Audience members determine an instant impression about a speaker – likely in a fraction of a second after they speak – meaning they can very quickly form an opinion about the speaker’s credibility. This shows just how important those first few seconds of a speech can be. Kamala succeeds at this by owning her space, maintaining a strong and upright posture, with both feet firmly placed so she can evenly balance her weight. She uses a variety of gestures, including a modified steeple hand-clasp, which combined with her neutral expression, denotes power – for example, when she is signalling a lack of belief.”

Vocal and physical presence

Using body language to maintain a physical presence is another vital communication skill for women in leadership to master.

Expanding on Kamala Harris’ ability to own her space, Lisa observes: “Not only does Kamala root herself to the ground and stand tall to give her instant presence, she also uses a wide range of gestures that help to highlight her points and allow the message to land with the audience. She is not afraid of silence or using a pause when she speaks, showing she is a confident communicator and someone who has self-assurance and conviction.

Sheelagh agrees: “Gestures help bring a speech to life by giving energy to the voice and face. With someone who is animated and has a good vocal range, the audience will be naturally attracted to their technique of delivery. Kamala’s wide variety of tone, pace and pitch is what keeps us engaged so we listen to her every word.”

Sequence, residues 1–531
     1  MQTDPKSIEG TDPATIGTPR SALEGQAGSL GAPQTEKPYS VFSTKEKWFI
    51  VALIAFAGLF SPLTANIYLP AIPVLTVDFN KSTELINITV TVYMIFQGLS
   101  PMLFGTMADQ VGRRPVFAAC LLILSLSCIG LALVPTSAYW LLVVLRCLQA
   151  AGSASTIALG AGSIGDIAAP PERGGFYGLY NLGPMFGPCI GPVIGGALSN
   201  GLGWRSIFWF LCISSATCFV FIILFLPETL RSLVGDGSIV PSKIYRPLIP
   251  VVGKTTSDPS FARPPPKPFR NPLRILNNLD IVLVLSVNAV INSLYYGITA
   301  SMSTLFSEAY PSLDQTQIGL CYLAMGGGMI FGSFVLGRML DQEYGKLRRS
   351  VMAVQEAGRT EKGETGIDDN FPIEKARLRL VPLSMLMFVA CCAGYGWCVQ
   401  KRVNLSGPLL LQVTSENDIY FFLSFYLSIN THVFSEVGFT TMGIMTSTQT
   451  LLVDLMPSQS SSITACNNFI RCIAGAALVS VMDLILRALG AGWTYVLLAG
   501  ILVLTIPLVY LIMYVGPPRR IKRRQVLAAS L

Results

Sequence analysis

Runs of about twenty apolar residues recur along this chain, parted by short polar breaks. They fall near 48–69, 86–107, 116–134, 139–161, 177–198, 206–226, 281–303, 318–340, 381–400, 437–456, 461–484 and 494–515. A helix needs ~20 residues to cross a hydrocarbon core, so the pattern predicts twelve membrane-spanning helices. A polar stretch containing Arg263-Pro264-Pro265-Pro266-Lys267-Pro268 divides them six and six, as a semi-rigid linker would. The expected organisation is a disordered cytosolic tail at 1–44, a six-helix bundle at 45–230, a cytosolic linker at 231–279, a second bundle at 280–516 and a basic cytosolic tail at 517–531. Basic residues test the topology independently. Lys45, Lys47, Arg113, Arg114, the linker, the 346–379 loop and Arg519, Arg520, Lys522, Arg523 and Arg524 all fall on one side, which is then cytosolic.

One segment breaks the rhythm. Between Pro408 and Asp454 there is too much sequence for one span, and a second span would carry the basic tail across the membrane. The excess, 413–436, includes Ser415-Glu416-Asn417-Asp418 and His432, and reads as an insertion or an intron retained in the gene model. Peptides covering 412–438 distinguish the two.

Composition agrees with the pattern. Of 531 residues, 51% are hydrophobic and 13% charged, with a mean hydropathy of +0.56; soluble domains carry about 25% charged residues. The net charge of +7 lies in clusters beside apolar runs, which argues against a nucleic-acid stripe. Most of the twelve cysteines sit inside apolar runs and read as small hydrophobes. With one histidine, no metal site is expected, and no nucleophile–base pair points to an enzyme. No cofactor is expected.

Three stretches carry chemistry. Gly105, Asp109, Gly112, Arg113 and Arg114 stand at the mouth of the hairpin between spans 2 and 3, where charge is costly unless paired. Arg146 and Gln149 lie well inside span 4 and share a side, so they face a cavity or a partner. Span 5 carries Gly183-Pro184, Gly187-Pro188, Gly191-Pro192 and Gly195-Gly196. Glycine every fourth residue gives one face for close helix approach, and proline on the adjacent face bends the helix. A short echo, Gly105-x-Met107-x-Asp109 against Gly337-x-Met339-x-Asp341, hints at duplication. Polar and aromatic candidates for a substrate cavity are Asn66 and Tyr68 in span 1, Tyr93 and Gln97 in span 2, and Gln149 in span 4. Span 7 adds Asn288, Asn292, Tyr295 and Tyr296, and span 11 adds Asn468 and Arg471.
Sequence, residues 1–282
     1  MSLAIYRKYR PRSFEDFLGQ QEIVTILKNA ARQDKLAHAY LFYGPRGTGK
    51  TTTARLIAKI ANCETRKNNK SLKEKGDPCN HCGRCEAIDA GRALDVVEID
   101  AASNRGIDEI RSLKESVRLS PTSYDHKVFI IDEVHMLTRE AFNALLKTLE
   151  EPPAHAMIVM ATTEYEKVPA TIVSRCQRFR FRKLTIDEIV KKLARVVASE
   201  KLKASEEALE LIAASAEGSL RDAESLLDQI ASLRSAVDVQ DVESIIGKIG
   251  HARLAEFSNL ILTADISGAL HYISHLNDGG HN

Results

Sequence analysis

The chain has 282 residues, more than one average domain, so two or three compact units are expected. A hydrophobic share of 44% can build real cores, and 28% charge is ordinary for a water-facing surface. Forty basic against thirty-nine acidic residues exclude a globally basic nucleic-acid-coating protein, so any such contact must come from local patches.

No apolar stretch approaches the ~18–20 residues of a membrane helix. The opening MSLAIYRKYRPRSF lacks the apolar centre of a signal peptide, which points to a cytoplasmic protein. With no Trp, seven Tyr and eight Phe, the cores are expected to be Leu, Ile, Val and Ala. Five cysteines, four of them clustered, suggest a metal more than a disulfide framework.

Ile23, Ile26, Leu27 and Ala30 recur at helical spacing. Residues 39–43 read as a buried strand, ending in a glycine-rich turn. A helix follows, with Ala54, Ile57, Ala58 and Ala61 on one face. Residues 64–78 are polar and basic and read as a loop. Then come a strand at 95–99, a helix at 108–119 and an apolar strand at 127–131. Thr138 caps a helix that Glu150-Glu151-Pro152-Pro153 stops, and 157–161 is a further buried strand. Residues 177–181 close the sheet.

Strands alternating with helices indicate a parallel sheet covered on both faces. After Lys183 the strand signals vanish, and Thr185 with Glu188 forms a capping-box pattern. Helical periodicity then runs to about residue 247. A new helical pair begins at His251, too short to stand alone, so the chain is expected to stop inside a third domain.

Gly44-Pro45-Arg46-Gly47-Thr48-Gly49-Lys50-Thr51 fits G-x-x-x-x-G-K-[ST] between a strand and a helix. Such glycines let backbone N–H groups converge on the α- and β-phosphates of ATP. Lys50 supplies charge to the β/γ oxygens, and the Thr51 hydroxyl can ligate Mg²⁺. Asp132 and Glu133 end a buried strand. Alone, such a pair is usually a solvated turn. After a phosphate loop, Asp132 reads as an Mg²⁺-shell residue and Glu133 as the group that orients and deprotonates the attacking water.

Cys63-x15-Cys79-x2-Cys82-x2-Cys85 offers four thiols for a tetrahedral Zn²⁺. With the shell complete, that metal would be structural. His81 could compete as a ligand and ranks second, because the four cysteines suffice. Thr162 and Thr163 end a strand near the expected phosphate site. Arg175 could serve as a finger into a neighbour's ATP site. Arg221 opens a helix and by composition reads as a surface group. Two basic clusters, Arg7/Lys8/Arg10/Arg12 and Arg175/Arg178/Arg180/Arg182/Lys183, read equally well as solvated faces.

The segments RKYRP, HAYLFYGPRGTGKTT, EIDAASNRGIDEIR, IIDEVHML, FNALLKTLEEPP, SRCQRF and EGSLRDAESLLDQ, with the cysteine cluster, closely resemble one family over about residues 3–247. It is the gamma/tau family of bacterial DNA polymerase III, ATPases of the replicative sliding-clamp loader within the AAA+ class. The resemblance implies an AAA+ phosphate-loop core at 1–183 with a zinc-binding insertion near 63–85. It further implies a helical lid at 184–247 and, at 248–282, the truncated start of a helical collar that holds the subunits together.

Demonstrating grace under pressure

Leaders often have to work in intense situations, which can lead to communication breakdowns if not handled well. Kamala Harris has never been seen to buckle under the pressure, frequently demonstrating another quality all good leaders should have – grace under pressure.

Sheelagh explains: “Kamala’s ability, and the finesse with which she dealt with Mike Pence’s interruptions during the Vice-Presidential debate last October, is a great credit to her skills as a leader and communicator. All she had to do was simply stop his repeated interruptions, with a gentle smile, direct eye-contact, a stop-palm position and the frequent repetition of her saying – ‘I’m speaking’.

This allowed her to assert her dominance, her right to speak and be heard; but she did so in a way that was non-confrontational while, again, owning her space through her physical presence.”

About RADA Business

RADA Business helps people at work become brilliant communicators. We build on the work of one of the world’s most respected drama schools to deliver world-class training programmes and coaching for organisations and individuals.

Everything we do is grounded in an understanding of business – and the varied needs of people within organisations. Whether you’re leading a company, managing teams or taking the first steps in your career, we can help you deliver your very best performance.

Since 2001 we’ve worked with some of the world’s best-known employers in more than 30 countries, including law firms, retailers, media companies, universities and governments.

We’re convinced that organisations work most effectively when everyone has a voice – and we’re committed to giving people the skills to get themselves heard.

All our profits support the activities of the Royal Academy of Dramatic Art, helping to develop the next generation of actors and technicians.